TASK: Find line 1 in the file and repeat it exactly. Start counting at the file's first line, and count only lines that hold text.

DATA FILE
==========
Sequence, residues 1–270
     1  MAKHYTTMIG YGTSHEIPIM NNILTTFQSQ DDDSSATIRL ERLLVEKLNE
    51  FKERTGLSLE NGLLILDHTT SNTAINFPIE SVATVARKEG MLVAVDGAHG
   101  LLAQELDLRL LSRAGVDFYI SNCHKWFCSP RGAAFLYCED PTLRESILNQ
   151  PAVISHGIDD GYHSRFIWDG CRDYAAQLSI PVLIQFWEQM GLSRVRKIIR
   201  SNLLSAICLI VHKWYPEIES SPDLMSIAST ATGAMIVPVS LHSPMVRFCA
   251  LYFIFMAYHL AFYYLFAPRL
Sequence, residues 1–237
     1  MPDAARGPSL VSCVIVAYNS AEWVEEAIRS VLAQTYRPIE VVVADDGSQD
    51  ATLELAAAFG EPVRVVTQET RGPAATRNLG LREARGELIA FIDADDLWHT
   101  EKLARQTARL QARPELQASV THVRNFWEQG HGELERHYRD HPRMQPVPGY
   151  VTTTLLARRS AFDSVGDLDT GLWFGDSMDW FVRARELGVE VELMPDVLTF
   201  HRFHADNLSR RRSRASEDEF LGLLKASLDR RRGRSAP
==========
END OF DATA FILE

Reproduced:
Sequence, residues 1–270